Republican vice presidential nominee Paul Ryan held campaign visits in Pennsylvania last week and GOP officials were declaring that the state "is very much in play" in the November presidential election.
What does that mean?
Well, it can only mean good things for the state, whether the campaign stops involve President Obama, Vice President Biden, Ryan or Republican presidential nominee Mitt Romney.
Let's face it, Pennsylvania is not viewed nationally as a state as sexy as California, Texas or Florida. And it doesn't have the kingmaker status of Ohio, which seems to be the state that makes or breaks presidential hopes.
But among the nine states considered swing states in the upcoming presidential election, Pennsylvania's 20 electoral votes rank as the second biggest prize in the race for the White House.
That means attention from both presidential campaigns.
And attention is a good thing. It gives the people of Pennsylvania a chance to express to candidates and the surrogates what matters to citizens of this state.
If we were asked, we'd be telling the presidential hopefuls that Pennsylvania is a state still struggling to transition from an old-school manufacturing economy to a service and diversified industry existence. The state's economy and employment roles have been boosted by the natural gas drilling explosion, but that comes with pressures on the state's infrastructure and environment.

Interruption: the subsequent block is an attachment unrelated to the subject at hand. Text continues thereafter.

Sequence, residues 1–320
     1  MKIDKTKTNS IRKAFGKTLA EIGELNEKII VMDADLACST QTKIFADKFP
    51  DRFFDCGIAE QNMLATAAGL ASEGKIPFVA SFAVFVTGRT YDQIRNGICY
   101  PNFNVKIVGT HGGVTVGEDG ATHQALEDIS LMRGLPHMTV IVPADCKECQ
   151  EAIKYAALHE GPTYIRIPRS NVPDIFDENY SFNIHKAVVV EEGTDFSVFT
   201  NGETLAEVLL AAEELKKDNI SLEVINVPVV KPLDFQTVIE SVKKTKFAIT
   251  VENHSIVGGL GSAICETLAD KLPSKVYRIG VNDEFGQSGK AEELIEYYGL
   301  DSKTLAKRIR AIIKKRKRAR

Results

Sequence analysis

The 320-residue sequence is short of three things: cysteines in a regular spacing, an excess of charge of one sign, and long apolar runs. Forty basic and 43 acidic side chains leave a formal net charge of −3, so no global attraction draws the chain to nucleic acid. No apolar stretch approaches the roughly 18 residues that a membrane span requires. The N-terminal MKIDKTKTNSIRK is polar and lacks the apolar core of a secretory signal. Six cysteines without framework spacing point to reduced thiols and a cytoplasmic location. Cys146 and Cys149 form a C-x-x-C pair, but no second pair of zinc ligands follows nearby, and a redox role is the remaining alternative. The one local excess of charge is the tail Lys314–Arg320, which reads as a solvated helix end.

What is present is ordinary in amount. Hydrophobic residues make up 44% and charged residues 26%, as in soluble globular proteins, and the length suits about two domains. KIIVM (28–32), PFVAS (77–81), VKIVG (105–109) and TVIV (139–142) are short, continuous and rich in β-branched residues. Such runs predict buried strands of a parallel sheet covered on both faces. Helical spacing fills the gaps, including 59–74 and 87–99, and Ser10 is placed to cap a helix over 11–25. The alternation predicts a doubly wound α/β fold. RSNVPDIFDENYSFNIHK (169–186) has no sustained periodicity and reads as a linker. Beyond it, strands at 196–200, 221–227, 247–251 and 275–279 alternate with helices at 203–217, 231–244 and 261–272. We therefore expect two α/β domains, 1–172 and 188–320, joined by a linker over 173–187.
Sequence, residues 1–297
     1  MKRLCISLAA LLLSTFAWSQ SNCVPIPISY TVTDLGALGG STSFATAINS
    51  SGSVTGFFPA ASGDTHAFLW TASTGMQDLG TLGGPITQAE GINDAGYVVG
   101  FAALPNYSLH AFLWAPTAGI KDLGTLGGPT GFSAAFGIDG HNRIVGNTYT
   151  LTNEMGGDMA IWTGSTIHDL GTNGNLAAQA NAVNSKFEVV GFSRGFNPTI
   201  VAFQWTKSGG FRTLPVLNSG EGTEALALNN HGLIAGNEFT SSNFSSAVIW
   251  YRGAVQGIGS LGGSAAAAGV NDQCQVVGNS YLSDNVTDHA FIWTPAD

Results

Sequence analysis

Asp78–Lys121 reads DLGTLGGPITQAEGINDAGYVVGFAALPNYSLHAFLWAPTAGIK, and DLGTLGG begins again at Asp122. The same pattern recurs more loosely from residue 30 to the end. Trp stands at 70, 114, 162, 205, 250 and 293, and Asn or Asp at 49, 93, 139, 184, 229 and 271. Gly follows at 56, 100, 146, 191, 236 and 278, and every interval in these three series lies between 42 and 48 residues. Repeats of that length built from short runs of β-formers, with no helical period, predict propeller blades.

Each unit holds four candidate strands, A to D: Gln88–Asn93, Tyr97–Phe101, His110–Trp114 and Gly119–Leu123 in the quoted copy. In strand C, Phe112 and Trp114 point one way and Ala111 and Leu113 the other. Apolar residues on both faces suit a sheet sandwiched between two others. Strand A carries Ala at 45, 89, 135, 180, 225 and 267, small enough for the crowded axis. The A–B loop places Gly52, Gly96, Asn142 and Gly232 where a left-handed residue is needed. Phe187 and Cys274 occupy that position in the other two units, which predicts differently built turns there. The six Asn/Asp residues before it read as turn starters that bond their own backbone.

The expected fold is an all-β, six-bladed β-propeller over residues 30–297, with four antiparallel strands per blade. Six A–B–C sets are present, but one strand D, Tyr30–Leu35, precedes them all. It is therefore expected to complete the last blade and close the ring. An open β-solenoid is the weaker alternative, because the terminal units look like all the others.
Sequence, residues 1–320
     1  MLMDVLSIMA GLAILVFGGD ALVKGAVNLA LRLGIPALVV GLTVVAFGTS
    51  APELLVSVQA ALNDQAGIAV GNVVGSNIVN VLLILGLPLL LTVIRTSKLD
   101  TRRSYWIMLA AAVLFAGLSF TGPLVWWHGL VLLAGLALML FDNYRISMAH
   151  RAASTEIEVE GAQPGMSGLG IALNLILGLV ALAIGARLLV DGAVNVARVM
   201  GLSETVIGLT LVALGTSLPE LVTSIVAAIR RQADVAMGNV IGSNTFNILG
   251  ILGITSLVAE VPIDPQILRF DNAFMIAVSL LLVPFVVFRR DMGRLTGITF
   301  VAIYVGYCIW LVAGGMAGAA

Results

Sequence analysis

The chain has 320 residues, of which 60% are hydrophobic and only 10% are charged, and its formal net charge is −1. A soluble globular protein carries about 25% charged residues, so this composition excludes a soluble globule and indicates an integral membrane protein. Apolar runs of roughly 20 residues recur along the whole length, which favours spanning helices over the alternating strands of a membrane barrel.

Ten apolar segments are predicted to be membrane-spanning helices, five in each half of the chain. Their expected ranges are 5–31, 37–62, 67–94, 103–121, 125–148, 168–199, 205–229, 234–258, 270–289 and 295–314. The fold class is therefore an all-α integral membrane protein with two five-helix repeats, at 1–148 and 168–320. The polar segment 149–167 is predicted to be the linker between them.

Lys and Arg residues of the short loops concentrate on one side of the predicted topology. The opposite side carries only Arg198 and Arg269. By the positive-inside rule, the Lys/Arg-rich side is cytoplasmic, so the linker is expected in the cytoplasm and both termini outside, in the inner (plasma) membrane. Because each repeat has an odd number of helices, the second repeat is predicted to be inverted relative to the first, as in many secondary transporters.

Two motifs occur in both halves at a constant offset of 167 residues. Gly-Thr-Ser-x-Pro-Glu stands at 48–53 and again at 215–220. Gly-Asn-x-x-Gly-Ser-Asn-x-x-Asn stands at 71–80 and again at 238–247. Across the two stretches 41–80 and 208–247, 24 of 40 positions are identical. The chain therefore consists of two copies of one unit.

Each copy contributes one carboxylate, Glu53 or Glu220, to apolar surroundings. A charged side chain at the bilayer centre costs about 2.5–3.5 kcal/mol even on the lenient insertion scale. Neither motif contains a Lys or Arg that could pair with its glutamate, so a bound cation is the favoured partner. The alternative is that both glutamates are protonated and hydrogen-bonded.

Pennsylvanians, like much of the rest of the country's populous, are concerned about maintaining an efficient, less-costly health care system. They are concerned about a national debt that threatens future generations.
They've got no problem with legitimate government programs that help those who most need the help, but they don't want to see Social Security and Medicare benefits forfeited because of runaway government waste in all other areas.
And, most of all, we'd want candidates to know Pennsylvania is much more than just Philadelphia, Pittsburgh and Harrisburg.
Maybe that understandable platform will get a little more attention this fall with candidates for the nation's highest office paying attention to Pennsylvania.